SUDANESE REFUGEES IN CHAD Crisis Appeal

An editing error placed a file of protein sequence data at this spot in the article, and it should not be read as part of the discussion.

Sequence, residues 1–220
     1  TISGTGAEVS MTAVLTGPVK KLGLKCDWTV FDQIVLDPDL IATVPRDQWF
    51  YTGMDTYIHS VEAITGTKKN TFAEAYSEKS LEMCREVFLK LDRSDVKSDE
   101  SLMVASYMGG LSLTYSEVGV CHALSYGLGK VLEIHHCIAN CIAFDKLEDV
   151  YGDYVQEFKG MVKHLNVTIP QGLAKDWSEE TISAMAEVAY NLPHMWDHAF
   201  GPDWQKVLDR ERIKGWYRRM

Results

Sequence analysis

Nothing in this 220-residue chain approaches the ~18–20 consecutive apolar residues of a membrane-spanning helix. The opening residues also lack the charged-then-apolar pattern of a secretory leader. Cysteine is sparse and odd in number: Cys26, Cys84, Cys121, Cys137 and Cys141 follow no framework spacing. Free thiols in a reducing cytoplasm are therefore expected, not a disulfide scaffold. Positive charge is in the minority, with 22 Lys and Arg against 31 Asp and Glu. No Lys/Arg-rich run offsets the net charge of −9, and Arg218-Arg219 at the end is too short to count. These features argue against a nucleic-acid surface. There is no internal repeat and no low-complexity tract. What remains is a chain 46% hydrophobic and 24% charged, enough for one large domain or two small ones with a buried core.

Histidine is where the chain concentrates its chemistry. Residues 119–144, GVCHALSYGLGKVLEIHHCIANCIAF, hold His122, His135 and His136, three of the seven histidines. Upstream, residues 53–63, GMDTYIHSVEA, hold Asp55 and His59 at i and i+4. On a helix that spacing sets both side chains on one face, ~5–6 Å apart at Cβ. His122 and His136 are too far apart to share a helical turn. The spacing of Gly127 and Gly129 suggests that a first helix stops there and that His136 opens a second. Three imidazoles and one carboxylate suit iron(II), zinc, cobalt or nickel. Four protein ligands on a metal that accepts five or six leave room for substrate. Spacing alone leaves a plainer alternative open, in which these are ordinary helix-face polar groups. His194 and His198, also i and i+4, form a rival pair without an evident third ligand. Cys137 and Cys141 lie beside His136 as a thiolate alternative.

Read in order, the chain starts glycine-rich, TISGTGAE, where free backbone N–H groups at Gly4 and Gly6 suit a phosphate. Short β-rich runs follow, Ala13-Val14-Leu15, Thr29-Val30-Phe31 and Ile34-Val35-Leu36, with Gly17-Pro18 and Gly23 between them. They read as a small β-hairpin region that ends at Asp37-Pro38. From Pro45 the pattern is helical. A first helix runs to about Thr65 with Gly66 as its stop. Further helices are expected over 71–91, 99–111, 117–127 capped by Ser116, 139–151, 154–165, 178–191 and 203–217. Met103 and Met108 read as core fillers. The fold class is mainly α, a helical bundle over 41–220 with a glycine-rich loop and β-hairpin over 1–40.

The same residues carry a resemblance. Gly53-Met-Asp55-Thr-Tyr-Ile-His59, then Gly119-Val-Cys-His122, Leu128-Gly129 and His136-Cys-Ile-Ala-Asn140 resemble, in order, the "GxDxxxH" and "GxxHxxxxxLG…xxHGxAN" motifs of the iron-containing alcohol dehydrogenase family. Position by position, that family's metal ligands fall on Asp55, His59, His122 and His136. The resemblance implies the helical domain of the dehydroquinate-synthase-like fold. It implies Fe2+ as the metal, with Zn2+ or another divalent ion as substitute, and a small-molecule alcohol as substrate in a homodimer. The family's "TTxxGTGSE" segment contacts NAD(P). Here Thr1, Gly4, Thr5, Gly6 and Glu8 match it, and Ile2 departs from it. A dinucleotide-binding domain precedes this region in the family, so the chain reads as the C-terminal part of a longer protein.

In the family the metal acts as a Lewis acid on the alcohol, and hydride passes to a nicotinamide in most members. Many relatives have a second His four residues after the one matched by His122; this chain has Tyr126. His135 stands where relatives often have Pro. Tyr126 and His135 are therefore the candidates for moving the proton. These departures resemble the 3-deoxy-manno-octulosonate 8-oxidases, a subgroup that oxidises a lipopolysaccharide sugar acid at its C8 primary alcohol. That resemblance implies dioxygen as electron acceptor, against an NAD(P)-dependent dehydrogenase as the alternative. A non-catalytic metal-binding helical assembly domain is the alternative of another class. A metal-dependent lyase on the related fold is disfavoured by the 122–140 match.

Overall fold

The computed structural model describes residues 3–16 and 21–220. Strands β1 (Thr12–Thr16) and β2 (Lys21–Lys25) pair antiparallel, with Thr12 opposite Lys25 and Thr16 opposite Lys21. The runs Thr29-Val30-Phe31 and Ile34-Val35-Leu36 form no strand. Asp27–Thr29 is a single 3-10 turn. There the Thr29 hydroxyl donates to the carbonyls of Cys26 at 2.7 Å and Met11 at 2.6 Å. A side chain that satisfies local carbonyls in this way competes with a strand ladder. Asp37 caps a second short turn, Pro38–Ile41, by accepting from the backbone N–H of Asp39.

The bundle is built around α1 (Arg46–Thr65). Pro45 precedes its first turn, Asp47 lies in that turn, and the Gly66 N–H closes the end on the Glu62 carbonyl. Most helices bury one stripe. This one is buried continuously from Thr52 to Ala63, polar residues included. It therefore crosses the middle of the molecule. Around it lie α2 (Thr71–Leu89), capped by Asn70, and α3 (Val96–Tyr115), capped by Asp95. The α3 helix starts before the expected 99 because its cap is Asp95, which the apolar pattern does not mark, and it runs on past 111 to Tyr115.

SUDANESE REFUGEES IN CHAD Crisis Appeal 28 January 2004 UNICEF Crisis Appeal – CHAD ISSUE • Since the beginning of the crisis at least 90,000 refugees, most of whom are women and children, have arrived in eastern Chad fleeing the escalating conflict in the Darfur region of western Sudan. The refugees, who arrived in Chad without any belongings, are now living in makeshift huts in an area stretching over 400 km along the border around Birak, Tine, Adre and further south as far as Tissi. The area is extremely remote, a factor making the response more challenging. • Refugees continue to cross the border and while first refugee camp for 12,000 refugees was opened on 17 January in Farchana, 3 other camps will be opened during the next weeks. Transfer of the refugees to the camp sites is expected to take up to two months. • UNICEF estimates that at least 40,000 Sudanese children under 18 years of age are among the refugee population in eastern Chad. • At least 20,000 of these children are under five years old and are particularly vulnerable and exposed to infectious diseases, epidemics and poor nutritional status. The children are exposed to cold weather with temperatures dropping almost to freezing point at night. They have limited access to clean water. • UN is conducting assessments and better determination of population numbers and assistance needs will be forthcoming. • Chadian communities are doing all they can to help the Sudanese refugees, sharing their own limited food stocks and resources. However, some signs of distress are visible among the host communities and additional assistance will be required. ACTION • UNICEF airlifted 22,000 blankets to Abeche, the nearest airstrip to the beneficiary population. UNICEF field officers immediately distributed an initial batch of 3,000 blankets. Distribution of the remaining blankets is ongoing in collaboration with UNHCR and WFP during relocation of refugees in camps and during food distribution. • Organization of a measles campaign coupled with Vitamin A distribution for refugee children as well as children of host communities (vaccines, cold-chain equipment, syringes, micro-planning, training, supervision, social mobilization activities); provision of oral rehydration salt for the case management of diarrhea; provision of therapeutic milk for the case management of severe malnutrition; supply of midwifery kits for ensuring safe and clean deliveries; provision of impregnated mosquito nets for malaria prevention; provision of blankets. • Provision of safe water by the installation of water poly tanks, supply of jerry cans, chlorine or purification tablets and soap; facilitate waste excreta disposal by constructing low cost latrines and providing hygiene education. • Provision of basic school materials to cover a population of about 20,000 children between 6 and 18; refresher training for identified refugee teachers, who have already been identified as well as some volunteers. • Identification, documentation and reunification of separated children. Support for the care and protection of separated children, as well as psychosocial support for traumatized children, will also be provided, with particular attention to girls and minors. Organize a birth registration campaign for refugees and host communities. Initiate land mines awareness campaign targeted to refugee population and host communities is planned. UNICEF will also ensure respect of the UN code of conduct on sexual exploitation. • Support training of field partners in HIV/AIDS to ensure sensitization campaign targeting refugees and host communities; working with youth on prevention (peer educators). IMPACT • The initial airlift of blankets provided immediate relief from the cold climate and served to reduce the incidence of acute respiratory infections in children whose susceptibility to diseases has increased due to the displacement and poor living conditions. • Sufficient clean water and appropriate sanitation as well as hygiene material are available. • The incidence of measles, and other vaccine preventable diseases is reduced and basic health and nutrition services strengthened. • Primary school age children have basic school supplies and access to schooling. • Separated children receive necessary care and protection and are reunited with their families; children who require it receive the necessary psychosocial support and basic protection needs of the affected population are met. OVERALL BUDGET: The initial estimate to cover short-term emergency needs while full assessments and UN appeal coordination efforts are being consolidated for an estimated one year period is as follows: Sector Budget Protection $ 55,000 Education $ 180,000 Health , Nutrition $ 330,000 HIV/AIDS $ 40,000 Water and Environmental Sanitation $50,000 Technical support $75,000 Logistics, monitoring and evaluation $ 60,000 UNICEF indirect programme support cost (12%)* $ 94,800 Total $884,800 *) The actual recovery rate on individual contributions will be calculated in accordance with the Executive Board Decision 2003/9 of 5 June 2003.